Academies increase a city's scientific research as well as its cultural output.
An academy is a school for advanced learning. Though China, Egypt, and India had such institutes earlier, the term "academy" was first applied to the Athenian school of philosophy, founded by Plato in approximately 390 BC. The school was built near a sacred grove named "Hekademia."
An academy was an important asset for a city. It attracted both brilliant scholars and the children of wealthy or noble parents, who might then decide to settle in the city permanently. The academy could provide a broad, general education to its students, or it might concentrate upon a specific subject such as philosophy, mathematics, art, natural philosophy (the world and everything in it), or the martial arts.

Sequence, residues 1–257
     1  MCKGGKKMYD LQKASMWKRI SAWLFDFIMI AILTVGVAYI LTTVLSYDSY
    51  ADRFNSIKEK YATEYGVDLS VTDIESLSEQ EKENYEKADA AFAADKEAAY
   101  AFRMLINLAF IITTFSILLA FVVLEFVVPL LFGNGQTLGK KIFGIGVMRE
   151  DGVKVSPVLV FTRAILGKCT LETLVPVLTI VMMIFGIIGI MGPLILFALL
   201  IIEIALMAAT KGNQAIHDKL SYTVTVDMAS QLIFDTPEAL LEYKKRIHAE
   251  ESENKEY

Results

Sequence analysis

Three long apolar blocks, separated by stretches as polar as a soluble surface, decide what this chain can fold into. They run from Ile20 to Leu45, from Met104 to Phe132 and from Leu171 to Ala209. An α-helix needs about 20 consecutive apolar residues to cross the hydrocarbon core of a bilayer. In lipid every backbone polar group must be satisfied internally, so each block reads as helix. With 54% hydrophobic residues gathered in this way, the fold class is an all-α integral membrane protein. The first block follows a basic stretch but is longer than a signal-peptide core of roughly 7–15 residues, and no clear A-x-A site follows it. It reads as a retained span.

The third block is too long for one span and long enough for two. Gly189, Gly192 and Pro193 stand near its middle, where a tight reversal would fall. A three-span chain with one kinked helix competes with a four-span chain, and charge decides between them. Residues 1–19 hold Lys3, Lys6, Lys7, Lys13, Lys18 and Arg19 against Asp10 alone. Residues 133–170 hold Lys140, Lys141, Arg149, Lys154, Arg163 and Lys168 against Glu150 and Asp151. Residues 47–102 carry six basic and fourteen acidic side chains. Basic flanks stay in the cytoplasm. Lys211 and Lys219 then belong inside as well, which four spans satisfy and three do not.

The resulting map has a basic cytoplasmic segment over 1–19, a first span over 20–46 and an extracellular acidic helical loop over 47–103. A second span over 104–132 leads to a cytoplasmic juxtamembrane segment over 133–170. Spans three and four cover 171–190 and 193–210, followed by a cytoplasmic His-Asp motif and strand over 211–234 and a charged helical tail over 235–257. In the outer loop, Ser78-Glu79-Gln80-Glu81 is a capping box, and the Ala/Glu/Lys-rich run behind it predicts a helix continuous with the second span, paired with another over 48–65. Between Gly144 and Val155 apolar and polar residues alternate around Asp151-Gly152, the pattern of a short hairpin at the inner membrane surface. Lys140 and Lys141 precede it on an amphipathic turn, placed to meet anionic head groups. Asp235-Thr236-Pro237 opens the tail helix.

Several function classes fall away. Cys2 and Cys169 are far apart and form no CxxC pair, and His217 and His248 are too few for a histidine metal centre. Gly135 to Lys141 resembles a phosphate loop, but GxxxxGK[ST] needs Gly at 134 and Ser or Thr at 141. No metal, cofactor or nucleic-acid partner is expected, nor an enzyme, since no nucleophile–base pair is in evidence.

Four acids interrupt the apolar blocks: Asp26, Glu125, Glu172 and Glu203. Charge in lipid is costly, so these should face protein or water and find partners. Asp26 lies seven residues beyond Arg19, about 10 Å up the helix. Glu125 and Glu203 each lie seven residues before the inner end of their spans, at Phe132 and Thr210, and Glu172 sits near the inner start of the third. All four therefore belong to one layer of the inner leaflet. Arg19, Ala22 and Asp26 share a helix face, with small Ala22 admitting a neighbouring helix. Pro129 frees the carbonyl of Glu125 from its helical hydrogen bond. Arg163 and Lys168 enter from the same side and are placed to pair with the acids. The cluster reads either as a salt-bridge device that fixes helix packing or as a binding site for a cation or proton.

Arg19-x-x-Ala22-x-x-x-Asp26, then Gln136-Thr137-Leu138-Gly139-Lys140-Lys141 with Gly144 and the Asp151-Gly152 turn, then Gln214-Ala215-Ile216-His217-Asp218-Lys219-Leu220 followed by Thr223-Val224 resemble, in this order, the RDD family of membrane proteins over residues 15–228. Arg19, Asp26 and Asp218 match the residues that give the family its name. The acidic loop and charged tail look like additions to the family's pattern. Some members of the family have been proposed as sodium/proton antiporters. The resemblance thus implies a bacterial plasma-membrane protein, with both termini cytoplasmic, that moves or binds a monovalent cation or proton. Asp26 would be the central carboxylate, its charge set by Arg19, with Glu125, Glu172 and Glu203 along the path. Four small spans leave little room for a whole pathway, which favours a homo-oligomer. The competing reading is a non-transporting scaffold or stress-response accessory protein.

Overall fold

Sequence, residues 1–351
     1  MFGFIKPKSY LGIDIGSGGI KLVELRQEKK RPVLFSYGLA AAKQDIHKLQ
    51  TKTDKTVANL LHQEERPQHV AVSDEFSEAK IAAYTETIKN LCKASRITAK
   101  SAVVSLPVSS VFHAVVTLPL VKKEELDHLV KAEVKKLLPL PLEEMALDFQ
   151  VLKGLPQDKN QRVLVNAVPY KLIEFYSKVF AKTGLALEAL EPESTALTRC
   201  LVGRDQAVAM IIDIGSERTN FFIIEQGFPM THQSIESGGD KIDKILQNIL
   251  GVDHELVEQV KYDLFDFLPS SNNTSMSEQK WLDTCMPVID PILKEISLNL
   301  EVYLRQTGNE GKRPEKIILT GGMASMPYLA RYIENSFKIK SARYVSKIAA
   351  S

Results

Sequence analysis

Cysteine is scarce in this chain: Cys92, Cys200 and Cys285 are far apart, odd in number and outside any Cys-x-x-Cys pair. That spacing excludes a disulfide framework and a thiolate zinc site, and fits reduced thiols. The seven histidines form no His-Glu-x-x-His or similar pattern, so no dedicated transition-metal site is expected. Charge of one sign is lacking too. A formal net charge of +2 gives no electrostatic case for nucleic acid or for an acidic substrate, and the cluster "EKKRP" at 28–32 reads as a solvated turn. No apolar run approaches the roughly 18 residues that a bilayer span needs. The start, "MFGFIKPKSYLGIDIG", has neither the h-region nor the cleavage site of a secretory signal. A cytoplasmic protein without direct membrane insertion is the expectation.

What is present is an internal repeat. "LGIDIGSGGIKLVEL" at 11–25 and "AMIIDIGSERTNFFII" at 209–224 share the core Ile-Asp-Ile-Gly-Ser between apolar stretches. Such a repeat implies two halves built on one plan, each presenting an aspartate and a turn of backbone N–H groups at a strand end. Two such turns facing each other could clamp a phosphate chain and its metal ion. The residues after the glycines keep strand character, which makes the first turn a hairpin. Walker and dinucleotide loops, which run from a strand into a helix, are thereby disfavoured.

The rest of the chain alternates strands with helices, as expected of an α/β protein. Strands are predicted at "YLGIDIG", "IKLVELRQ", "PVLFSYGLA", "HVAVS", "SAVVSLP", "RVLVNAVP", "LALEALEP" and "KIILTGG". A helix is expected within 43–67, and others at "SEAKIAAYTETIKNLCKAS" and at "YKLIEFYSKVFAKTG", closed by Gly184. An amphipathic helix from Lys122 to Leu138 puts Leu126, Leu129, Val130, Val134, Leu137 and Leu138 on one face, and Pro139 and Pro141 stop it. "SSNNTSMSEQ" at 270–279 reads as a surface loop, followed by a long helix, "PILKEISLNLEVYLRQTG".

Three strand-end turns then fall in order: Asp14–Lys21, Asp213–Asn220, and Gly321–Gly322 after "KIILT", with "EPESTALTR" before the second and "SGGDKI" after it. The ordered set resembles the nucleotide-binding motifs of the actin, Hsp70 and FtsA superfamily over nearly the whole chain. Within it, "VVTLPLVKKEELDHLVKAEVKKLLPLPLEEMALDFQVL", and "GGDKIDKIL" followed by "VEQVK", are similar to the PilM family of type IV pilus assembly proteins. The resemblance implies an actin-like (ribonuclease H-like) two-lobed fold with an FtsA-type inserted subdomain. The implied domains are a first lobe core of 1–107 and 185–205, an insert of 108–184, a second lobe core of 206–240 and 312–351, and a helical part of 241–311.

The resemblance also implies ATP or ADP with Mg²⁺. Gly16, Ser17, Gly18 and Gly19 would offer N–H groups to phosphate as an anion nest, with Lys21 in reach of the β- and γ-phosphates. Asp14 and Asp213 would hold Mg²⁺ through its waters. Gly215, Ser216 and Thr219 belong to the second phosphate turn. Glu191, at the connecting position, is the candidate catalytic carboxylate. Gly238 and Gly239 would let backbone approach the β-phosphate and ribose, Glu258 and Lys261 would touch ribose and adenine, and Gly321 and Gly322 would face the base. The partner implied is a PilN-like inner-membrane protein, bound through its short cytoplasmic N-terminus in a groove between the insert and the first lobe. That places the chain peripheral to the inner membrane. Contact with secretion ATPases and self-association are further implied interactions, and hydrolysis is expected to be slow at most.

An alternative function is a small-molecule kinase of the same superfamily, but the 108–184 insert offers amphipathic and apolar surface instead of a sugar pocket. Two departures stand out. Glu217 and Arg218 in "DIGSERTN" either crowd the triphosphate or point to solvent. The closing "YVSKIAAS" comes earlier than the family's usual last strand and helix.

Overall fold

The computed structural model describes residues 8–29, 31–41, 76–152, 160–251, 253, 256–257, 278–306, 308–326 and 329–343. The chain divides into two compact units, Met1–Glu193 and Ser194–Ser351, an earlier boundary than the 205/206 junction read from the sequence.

Today there are many educational facilities which bear the name "academy." The term is used loosely now, and in addition to its original meaning, is often applied to schools for children and teenagers.